When Joe Esquibel joined the United States Army as a teenager some seventy-six years ago, he was quickly whisked away to Europe to fight in World War II.
Before he left, however, he purchased a silver bracelet to wear as a safety charm. On one side, he engraved his signature. On the other side, he engraved the name of the woman he loved who he was leaving behind: Lydia.
According to CPR News, Joe was stationed stationed at a prisoner of war camp in then-Czechoslovakia. Sadly, before he left for Germany in 1945, his bag was stolen and it contained his special silver bracelet.
While Joe thought the bracelet was lost forever, a Czech reporter named Petr Svihohec took a metal detector to the ruins of the POW camp and discovered the small metal piece – 76 years after it’d been stolen.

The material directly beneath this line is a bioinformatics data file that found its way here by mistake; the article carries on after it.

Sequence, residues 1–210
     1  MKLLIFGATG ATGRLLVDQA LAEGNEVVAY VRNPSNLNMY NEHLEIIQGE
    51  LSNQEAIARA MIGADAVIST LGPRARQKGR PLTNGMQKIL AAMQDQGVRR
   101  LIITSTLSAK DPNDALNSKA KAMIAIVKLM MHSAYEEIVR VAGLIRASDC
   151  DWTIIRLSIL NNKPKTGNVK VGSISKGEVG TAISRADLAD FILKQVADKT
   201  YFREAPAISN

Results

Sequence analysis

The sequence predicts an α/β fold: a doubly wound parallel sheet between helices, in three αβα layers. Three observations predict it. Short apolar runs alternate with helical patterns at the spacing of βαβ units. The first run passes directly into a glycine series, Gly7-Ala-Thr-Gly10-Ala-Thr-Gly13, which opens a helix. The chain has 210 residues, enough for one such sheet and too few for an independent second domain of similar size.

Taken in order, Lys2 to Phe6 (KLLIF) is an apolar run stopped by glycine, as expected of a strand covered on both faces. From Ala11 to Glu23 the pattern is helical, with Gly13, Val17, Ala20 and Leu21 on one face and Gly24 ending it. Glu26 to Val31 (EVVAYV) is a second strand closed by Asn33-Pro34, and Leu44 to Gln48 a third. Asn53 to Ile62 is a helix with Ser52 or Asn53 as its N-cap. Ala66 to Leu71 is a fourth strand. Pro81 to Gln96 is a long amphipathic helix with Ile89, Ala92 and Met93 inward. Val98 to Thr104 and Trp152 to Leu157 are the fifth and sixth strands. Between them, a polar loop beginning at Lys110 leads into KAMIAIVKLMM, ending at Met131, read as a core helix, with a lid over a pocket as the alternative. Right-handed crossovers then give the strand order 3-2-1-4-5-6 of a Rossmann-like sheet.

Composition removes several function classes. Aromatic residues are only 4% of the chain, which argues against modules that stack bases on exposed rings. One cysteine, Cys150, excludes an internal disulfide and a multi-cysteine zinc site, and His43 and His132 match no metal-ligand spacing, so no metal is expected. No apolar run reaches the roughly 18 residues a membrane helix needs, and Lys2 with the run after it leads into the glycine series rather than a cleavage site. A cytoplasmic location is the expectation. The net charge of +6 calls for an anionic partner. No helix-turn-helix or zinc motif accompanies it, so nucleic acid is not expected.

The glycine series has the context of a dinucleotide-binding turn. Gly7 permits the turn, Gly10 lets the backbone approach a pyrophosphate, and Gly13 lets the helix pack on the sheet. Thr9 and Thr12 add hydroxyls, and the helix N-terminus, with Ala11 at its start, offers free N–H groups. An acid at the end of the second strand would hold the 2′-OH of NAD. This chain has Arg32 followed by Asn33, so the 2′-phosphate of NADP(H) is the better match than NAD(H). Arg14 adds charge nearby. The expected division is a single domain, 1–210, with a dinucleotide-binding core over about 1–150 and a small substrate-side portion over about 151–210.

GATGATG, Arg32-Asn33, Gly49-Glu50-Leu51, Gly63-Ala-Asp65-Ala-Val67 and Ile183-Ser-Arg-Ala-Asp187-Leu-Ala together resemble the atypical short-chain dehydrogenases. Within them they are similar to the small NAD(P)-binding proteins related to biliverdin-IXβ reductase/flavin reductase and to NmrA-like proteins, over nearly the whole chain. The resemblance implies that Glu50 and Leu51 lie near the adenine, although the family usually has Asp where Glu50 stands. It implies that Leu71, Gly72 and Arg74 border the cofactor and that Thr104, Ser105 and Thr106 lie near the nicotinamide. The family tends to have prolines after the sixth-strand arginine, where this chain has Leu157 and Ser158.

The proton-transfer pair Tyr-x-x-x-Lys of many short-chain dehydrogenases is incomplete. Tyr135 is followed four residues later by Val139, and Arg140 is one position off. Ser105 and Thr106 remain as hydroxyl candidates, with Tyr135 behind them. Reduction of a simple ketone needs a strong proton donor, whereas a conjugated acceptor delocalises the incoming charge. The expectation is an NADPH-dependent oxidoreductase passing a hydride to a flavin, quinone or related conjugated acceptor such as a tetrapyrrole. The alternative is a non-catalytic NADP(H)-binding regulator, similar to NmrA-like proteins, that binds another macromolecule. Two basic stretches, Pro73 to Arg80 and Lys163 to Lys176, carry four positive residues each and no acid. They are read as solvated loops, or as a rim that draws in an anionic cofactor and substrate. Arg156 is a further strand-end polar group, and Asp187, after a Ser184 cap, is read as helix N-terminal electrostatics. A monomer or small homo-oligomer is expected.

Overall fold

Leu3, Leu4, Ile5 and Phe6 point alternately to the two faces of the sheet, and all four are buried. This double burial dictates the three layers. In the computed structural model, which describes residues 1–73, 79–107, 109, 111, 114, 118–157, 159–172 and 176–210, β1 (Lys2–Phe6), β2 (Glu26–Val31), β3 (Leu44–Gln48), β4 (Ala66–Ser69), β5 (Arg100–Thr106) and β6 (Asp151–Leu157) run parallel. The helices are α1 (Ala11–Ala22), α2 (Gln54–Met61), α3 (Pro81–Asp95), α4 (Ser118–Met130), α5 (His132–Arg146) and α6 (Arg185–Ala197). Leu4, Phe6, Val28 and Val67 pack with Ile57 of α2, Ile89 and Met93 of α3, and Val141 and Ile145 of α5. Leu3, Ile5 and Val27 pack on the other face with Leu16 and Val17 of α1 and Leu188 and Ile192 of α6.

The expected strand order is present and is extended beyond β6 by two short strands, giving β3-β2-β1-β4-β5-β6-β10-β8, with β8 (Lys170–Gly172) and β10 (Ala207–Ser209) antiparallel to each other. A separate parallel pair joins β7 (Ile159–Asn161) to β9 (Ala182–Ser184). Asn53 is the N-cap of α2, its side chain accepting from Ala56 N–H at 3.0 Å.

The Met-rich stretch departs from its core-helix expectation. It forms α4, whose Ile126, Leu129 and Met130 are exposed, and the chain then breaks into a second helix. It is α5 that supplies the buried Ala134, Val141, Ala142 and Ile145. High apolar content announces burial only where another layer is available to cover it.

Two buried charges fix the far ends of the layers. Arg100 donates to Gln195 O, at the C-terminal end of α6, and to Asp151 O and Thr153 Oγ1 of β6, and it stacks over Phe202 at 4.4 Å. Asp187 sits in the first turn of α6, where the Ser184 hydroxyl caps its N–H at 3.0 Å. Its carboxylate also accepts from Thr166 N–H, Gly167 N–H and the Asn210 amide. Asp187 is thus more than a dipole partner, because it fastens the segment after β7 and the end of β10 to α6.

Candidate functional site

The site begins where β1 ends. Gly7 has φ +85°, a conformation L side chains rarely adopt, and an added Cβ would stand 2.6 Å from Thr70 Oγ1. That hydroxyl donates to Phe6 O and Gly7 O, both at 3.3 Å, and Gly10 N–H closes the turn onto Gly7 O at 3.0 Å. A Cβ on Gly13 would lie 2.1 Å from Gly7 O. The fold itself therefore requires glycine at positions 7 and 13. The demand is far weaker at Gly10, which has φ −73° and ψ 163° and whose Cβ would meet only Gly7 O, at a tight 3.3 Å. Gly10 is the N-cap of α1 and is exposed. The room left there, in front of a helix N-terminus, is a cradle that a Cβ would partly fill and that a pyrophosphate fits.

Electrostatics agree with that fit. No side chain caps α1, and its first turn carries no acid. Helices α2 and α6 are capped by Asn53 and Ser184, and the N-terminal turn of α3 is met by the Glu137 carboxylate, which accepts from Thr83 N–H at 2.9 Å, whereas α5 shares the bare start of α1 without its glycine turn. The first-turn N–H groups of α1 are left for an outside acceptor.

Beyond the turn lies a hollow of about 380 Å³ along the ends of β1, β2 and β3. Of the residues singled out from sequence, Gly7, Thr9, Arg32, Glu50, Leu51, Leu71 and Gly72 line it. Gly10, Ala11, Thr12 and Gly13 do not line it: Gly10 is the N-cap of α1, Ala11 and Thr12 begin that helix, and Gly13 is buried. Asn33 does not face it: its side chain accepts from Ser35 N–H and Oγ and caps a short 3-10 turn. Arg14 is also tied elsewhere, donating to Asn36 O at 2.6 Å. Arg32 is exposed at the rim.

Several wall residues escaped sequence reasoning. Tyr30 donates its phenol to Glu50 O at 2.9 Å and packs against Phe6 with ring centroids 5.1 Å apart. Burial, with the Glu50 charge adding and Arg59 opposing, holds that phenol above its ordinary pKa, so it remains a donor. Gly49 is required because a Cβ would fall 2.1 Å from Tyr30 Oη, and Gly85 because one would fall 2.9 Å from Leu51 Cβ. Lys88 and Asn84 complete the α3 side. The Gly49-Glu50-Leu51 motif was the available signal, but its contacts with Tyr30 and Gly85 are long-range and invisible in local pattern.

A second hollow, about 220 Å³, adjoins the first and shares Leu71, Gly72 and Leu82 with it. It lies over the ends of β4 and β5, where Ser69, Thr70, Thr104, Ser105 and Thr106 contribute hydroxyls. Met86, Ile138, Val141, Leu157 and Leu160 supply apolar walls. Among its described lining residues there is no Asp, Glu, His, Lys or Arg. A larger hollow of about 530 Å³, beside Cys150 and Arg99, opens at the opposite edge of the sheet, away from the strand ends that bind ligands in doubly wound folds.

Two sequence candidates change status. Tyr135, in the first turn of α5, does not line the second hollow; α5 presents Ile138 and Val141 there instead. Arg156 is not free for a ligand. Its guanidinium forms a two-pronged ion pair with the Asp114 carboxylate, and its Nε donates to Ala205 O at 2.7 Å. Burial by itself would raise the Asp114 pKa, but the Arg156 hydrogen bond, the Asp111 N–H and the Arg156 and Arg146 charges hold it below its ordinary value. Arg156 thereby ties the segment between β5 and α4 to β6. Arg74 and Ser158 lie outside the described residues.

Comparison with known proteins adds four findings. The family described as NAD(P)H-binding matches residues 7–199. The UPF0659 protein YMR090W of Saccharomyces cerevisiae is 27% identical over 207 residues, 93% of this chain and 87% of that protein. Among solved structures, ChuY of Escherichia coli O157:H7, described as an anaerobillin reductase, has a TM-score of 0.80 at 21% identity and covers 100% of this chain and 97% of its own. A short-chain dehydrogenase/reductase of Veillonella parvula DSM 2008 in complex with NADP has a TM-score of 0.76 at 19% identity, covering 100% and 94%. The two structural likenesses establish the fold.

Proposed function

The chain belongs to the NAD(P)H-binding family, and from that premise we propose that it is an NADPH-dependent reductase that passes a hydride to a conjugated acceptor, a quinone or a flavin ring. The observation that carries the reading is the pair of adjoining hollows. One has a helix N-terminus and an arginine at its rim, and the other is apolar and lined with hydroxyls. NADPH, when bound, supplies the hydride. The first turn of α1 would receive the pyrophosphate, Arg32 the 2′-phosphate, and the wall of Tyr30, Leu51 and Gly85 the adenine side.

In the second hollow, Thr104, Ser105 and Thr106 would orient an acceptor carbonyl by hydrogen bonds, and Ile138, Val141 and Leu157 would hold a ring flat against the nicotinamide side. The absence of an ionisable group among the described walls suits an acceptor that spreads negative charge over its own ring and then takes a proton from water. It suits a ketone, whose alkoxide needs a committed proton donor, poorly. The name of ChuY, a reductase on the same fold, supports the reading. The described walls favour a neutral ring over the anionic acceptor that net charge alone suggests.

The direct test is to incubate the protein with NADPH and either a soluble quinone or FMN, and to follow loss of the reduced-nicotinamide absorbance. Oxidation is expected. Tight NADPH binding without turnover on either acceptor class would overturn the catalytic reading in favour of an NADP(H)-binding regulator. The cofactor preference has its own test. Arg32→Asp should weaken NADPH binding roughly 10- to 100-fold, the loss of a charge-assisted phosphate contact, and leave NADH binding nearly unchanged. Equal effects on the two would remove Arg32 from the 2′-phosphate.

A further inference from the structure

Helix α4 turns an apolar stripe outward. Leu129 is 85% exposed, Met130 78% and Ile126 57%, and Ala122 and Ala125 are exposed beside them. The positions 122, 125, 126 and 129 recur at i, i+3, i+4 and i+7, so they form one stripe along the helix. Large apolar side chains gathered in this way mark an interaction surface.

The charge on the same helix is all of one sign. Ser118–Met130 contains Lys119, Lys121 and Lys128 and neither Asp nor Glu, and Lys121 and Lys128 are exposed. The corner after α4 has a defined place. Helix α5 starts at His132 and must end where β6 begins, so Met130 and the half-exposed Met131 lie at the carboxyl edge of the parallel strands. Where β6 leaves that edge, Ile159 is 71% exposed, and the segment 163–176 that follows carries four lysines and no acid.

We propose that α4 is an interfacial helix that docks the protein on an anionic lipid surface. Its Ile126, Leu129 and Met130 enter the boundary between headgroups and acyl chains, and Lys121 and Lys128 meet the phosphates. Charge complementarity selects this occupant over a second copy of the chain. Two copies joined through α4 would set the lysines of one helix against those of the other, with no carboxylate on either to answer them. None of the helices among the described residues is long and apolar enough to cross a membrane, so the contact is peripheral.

According to CPR News, Petr said (translated): “So I started to dig and I found a U.S. pin. And after that I found a silver bracelet on which I noticed that there was a kind of signature.”
The outlet reported that Petr cleaned up the bracelet and shared a photo of it on Facebook, hoping someone might recognize what was engraved in the metal. People gave him around 30 different guesses, but one made the most sense: Lydia Esquibel.
Petr tracked down Lydia but discovered she sadly passed away in 2019. However, his search led him to Lydia’s husband and the owner of the bracelet.
Petr shared photos and stores of the situation in a dedicated photo album on Facebook.
He was able to reunite the now 96-year-old Joe with the long-last bracelet, and he couldn’t be happier about having it back on his wrist.